2003-2006 Subaru Baja
Appeal: Took most of what was good about a pickup and combined it with all of what was good about a Subaru – including all-wheel drive, car-like handling, and decent fuel economy – to become one of the nicest-driving pickups of all time. Based on the Outback wagon, the 4-door Baja was the spiritual successor to the neat little 2-seat Brat pickup of the ‘70s and ‘80s.
2002-2013 Chevrolet Avalanche
Appeal: It had a “midgate” between the crew cab and the short pickup box that could be removed to extend the cargo area through the cab to the back of the front seats. This allowed the shortish pickup to seat five people and carry 4×8 sheets … though not at the same time. The first generation was offered in 1500 (half ton) and 2500 (3/4 ton) versions, the latter available with a big 8.1-liter V8. The second generation that arrived for 2007 was 1500 only.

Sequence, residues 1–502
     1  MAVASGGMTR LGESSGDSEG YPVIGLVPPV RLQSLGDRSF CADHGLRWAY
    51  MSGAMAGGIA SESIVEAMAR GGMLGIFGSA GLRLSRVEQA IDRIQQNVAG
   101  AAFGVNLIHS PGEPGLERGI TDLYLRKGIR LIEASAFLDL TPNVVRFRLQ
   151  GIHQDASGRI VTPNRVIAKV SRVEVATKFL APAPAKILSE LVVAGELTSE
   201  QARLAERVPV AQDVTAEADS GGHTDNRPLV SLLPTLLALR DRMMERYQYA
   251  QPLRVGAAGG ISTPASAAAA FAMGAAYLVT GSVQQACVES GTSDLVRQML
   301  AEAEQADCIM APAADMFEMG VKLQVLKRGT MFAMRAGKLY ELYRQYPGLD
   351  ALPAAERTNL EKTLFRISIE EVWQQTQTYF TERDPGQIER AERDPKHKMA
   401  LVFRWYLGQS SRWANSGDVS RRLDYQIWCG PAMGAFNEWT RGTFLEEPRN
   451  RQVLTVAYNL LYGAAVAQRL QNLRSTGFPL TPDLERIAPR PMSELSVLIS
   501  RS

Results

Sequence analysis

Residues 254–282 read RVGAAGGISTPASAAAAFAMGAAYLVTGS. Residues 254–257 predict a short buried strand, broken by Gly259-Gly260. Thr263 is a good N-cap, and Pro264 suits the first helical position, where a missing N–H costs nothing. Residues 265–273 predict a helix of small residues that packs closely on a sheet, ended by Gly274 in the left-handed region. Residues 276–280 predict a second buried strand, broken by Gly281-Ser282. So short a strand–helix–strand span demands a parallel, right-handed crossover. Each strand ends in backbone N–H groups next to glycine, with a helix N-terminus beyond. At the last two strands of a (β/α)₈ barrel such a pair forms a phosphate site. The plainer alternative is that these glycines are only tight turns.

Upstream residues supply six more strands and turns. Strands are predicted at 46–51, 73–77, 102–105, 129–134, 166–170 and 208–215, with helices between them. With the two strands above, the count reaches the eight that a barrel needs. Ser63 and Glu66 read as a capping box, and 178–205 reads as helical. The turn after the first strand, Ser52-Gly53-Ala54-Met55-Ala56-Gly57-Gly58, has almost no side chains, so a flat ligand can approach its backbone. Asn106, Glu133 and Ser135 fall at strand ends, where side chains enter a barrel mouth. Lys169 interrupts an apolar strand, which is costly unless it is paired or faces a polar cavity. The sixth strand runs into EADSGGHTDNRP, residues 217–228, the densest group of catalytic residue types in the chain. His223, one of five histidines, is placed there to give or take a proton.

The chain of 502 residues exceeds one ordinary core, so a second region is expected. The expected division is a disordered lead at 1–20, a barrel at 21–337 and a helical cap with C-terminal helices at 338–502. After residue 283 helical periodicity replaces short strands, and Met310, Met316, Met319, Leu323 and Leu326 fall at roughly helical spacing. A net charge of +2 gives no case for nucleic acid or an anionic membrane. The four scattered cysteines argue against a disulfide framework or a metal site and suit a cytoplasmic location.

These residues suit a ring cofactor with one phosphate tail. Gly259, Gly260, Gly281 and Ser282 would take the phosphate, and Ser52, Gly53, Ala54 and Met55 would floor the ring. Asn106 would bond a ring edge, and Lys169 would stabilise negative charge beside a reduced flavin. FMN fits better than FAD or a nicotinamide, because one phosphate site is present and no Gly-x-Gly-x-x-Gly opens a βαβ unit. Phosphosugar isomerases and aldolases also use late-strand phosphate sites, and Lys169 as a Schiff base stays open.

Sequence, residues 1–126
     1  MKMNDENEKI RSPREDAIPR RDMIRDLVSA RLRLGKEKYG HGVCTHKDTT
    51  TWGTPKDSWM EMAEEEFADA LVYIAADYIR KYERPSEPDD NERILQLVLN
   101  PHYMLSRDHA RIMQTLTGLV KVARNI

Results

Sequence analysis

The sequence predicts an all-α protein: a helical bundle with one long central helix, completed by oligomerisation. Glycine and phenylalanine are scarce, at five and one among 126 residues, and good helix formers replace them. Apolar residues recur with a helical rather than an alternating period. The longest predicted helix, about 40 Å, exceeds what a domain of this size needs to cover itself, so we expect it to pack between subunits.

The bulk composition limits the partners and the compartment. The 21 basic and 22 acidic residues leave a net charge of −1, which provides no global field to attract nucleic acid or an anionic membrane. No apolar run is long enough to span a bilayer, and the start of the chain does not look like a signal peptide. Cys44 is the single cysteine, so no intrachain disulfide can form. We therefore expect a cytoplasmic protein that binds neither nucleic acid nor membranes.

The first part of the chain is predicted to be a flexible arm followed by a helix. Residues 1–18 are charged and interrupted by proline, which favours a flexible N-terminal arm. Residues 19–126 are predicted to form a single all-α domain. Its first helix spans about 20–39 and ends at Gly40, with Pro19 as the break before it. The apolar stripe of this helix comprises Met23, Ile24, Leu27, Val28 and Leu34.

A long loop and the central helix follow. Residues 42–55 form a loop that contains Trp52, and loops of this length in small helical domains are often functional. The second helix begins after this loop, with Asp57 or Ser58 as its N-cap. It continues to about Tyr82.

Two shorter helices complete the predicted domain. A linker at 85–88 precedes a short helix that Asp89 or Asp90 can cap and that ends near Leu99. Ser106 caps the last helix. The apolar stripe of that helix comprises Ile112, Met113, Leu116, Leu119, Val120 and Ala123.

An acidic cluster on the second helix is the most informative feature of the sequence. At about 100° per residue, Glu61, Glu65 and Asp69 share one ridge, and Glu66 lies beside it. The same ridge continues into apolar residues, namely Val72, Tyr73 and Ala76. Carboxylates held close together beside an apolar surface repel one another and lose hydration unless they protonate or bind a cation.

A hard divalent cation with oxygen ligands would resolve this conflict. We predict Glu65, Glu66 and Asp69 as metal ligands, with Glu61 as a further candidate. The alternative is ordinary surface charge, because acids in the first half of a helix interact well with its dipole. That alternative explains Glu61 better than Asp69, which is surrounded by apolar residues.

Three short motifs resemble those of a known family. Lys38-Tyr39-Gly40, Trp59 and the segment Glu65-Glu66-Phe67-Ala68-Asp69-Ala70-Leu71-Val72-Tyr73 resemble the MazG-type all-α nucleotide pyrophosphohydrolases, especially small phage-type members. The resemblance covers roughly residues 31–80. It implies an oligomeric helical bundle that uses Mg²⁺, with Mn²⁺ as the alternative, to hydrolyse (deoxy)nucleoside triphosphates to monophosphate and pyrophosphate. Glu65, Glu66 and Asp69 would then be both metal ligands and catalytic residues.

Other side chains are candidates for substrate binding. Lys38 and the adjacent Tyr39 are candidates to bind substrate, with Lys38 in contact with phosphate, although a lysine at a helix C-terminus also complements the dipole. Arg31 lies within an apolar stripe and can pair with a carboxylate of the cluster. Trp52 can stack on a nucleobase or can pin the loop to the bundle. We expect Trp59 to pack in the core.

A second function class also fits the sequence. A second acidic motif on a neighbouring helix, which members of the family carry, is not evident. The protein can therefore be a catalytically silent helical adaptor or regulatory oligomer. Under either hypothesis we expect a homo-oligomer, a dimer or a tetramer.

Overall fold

2003-2006 Chevrolet Silverado SS
Appeal: Powerful V8 with all-wheel drive. It made its mark on my memory as being one of the only vehicles I ever tried brake-torquing where the brakes couldn’t completely harness the power; it would creep forward no matter how hard I pressed on the whoa pedal. And when you released it, the truck just flat left. All were extended cabs powered by a 345-hp 6.0-liter V8 with 4-speed automatic. Early models came only with all-wheel drive, but in swan-song ’06, the SS came only with rear-wheel drive.